Source of Questions?
Where Do These Questions Come From?
I have three main ways of coming up with questions:
- Surfing for questions.
- Something hits me.
- Followers suggest them.
If my list of questions is getting a bit thin, I might spend a little time on Wikipedia clicking the “random article” link until I see something interesting. While this is not my preferred method, it is, frankly, the way I’m getting most of my questions right now. I am hopeful that this will change as I get more Twitter followers and they start suggesting more questions.
I often read about science, especially natural science as I observe nature first-hand in my frequent hikes. If I’m reading about an animal, plant, or geological formation that I saw out in the woods and something about it strikes me as a good question, I’ll add it to my list.
And as my following on Twitter grows, people are beginning to suggest questions. Sometimes they suggest them directly, and sometimes accidentally. If someone’s answer (whether correct or not) triggers another thought, I might use that as a question.
Wherever the idea for the question came from, I try to use questions that are neither too easy nor too obscure. If I’m doing one of the above things to generate questions, and I think of something I already knew and that I think many science geeks will know, I add it to my list. But only if I think somebody will know it, and if I don’t think everybody will know it.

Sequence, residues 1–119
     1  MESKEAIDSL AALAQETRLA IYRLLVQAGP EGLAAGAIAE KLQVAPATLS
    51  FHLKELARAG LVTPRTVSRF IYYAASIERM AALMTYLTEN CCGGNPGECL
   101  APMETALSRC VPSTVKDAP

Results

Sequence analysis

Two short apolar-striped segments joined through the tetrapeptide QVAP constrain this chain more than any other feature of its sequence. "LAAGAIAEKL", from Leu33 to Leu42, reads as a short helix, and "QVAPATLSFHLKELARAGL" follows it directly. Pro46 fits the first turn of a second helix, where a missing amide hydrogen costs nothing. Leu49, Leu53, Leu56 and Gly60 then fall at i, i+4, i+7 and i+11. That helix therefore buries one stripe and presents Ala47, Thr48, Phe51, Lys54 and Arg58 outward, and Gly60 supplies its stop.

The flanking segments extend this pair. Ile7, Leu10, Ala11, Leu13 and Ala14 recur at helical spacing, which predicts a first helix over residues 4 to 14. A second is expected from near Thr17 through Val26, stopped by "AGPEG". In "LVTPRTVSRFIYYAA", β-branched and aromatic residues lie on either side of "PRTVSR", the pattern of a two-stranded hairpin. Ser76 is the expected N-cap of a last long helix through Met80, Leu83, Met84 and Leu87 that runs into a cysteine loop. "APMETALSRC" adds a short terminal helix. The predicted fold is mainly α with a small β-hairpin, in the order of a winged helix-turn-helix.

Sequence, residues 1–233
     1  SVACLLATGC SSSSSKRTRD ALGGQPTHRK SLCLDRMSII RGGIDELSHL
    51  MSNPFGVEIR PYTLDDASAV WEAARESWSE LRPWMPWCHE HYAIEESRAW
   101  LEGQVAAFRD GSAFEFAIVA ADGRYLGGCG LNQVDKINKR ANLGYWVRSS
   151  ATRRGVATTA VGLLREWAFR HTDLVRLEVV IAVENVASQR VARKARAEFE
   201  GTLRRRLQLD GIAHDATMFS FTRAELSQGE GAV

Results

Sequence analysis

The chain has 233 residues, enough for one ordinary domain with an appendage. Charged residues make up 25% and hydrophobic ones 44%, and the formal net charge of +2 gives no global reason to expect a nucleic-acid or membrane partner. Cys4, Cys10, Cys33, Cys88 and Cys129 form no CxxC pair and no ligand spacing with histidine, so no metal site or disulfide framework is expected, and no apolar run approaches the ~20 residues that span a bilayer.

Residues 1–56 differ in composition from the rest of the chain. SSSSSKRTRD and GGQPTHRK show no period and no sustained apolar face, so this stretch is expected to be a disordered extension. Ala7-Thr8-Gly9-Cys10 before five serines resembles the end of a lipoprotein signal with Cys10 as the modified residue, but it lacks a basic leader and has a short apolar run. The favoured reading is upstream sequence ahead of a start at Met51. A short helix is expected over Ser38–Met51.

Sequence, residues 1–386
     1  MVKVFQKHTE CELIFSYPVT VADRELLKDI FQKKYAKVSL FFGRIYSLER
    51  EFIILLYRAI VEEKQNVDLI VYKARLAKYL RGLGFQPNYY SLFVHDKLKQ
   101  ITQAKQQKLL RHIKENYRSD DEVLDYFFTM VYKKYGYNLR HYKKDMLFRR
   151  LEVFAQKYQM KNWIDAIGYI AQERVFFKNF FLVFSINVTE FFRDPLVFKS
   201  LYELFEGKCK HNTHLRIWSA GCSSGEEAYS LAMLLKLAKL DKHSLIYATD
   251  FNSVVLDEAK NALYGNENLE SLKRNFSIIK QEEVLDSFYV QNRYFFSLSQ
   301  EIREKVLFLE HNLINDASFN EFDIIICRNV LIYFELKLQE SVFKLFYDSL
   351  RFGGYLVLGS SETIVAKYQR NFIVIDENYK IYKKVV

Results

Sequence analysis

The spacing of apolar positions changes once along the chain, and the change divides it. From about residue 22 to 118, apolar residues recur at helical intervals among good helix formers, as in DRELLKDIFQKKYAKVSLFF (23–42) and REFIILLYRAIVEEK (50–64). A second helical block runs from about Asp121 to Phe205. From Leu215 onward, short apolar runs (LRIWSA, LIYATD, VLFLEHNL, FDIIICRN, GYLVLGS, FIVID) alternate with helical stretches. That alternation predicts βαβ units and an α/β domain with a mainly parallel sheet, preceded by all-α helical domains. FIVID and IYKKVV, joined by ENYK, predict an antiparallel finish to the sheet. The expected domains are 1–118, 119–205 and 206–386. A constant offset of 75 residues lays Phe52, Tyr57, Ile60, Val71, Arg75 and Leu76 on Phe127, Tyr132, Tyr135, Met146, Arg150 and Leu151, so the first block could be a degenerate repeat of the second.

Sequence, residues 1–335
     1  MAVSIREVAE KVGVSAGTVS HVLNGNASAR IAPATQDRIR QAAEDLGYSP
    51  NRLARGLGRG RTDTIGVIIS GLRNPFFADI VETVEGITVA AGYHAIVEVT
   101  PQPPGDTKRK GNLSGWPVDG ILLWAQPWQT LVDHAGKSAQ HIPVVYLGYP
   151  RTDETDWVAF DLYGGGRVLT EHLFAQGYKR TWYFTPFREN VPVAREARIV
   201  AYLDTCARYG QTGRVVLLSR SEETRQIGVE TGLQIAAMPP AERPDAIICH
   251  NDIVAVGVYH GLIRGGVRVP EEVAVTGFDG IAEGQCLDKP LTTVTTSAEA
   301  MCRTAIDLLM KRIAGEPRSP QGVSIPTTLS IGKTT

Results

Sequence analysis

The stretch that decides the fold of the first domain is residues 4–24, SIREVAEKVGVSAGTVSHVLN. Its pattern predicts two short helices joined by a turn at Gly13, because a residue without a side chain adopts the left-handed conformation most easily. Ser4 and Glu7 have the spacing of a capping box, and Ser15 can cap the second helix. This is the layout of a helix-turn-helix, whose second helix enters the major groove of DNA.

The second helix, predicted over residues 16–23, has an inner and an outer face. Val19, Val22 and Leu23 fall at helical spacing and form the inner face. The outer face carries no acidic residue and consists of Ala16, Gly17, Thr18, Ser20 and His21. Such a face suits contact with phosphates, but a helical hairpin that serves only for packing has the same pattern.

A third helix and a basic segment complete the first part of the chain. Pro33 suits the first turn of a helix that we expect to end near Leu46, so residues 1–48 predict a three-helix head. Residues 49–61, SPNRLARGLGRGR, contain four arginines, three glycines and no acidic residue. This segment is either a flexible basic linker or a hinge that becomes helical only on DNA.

I’ve seen “science trivia” Web sites that list the most inane questions. Maybe they’re okay for 8-year-olds or for people who are utterly ignorant of science, but those are not the people I’m trying to engage here. I want to ask questions that will make people really think about the natural world (including life, geology, astronomy, and the entire realm of natural science).
I do hope you enjoy the challenge and the stimulation.
And if you have an idea for a question, tweet it to http://twitter.com/sciencetrivia.
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